Gallup International organization’s representative in Armenia- the MPG company has released the results of World Happiness Barometer year-end survey this week, according to which 70 percent of the 500 respondents said they considered themselves happy, 10 percent – unhappy, 18 percent said they were neither happy nor unhappy, 2 percent refused to answer.
The survey has become an issue of heated public discussions, the main issue being the incredulity of many to how accurate and trustworthy the results are, given the fact that the inquiry was done by phone.
Artur Atanesyan, head of the chair of applied sociology at the Yerevan State University, says telephone surveys do not yield accurate results.
“The survey conductors have no way of seeing in person people’s condition and mood. I am convinced that most of the ‘I am happy’ respondents said so as a joke, even in mockery, but it wasn’t perceived as such and was misinterpreted as ‘I consider myself happy’ response,” says Atanesyan.
Aram Navasardyan, in charge of MPG consulting company founded in 2003, counters Atanesyan, saying that: “For 15-20 years now telephone surveys have been held all over the world. The choice of respondents was representative and before proceeding with questions conductors explained what it was about so that people would treat it seriously.”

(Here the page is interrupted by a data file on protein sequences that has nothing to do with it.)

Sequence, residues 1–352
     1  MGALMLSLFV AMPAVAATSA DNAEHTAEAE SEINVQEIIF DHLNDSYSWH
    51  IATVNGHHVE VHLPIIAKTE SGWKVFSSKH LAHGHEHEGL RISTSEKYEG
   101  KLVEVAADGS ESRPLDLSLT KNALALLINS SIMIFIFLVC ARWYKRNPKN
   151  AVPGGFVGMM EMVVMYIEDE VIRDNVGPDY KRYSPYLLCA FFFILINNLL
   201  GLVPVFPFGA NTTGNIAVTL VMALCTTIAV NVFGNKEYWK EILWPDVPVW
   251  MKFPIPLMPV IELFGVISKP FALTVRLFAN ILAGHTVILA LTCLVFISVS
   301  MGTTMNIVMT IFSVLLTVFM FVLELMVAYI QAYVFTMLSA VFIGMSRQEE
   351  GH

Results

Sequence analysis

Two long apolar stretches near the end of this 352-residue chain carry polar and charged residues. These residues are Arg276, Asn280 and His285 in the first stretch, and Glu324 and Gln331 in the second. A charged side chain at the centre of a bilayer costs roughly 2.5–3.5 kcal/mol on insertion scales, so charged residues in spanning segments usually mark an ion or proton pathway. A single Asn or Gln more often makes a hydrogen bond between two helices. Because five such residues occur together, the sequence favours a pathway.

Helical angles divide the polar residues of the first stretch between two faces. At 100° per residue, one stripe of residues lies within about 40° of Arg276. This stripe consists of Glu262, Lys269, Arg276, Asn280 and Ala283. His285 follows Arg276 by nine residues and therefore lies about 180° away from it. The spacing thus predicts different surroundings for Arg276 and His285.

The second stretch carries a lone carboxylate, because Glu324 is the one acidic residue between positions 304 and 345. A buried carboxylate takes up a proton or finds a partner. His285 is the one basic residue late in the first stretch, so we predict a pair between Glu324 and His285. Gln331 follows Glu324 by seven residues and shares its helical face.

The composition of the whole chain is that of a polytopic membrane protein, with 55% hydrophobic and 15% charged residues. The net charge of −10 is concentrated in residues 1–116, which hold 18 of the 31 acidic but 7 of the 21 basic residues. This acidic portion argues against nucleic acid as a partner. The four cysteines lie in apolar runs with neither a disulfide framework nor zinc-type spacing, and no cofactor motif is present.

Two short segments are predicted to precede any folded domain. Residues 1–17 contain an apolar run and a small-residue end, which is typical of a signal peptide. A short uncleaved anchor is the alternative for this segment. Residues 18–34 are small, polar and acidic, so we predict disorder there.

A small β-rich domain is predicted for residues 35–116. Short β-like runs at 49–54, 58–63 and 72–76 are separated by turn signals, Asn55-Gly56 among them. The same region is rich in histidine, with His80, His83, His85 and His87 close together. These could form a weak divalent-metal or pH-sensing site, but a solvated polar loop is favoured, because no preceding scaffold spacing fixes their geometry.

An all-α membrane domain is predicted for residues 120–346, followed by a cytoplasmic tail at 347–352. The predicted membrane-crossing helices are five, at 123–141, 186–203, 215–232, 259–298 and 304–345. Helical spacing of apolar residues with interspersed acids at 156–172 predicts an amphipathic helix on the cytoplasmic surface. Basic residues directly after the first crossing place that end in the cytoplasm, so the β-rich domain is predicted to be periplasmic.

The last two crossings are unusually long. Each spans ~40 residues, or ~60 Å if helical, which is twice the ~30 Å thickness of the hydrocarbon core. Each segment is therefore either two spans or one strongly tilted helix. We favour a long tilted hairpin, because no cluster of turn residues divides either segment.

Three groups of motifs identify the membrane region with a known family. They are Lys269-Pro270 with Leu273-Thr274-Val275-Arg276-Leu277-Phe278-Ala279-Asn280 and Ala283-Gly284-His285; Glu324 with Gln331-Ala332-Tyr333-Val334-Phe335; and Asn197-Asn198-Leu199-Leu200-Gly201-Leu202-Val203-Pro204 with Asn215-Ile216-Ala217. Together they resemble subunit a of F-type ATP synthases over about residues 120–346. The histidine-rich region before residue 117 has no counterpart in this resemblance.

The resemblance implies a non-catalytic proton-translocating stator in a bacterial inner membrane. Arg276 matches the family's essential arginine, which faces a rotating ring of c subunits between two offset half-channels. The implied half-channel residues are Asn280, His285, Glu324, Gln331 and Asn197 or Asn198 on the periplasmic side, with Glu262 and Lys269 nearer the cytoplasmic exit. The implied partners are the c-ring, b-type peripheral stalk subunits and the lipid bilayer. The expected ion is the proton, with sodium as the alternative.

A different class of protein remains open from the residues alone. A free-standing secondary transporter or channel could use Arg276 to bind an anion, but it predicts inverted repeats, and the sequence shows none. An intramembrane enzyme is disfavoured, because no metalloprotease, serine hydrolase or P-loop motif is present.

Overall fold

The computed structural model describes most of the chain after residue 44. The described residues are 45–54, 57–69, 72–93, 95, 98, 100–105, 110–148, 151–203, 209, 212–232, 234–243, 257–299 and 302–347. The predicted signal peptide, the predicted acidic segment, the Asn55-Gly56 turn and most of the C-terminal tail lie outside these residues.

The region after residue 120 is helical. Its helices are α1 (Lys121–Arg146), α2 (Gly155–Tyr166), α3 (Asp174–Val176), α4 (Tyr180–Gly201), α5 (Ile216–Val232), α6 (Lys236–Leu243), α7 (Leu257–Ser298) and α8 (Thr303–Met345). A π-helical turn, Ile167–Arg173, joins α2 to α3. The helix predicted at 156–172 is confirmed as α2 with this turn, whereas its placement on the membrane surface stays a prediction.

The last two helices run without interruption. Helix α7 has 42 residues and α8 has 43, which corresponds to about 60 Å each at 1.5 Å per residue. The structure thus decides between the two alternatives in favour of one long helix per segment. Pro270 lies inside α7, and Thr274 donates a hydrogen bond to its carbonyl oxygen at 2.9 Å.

Besides the controversial happiness question the questionnaire had ten others, such as whether they had positive expectations from the coming year or not, the economy would develop or not, etc.
“The question about happiness was number 3 on our list and as soon as we sensed the person wasn’t taking it seriously, we preferred not to continue,” explains Gayane Dajunts, head of MPG’s research department.
According to the survey results, people in Armenia do not connect their happiness with their economic situation. Atanesyan claims a person believes s/he is happy if s/he is socially well provided.
Gallup’s research shows that people in countries with developed economies consider themselves less happy.
“In Russia only 35 percent said they were happy. In that case why is it several times a day planes fly from Yerevan to Russia? Would our people go to a country where people are less happy than they are?” asks Atanesyan.
“In China only 25 percent said they were happy, when China has the most developed economy in the world. It means that viewing happiness in direct connection with economic growth is not right,” he says.
Psychologist Karine Nalchajyan points out that “happiness” is a complicated indicator.
“In order for a person to be happy, s/he has to live an active life, have a productive lifestyle. Armenia is a country of people with numerous cares and concerns rather than of happy people,” she says.
Navasardyan says the survey did not pursue the goal of finding out the reasons why people were happy or not.
“They are well-off, have a good family, good relatives and friends, a job they love… we didn’t even try to find out. But we cannot hide the fact that 70 percent responded they considered themselves happy,” he says.
The survey revealed that among the 58 participant countries the happiest people are in Nigeria (89 percent) and in Columbia (74 percent). The least happy ones are Italians, Serbians and Palestinians.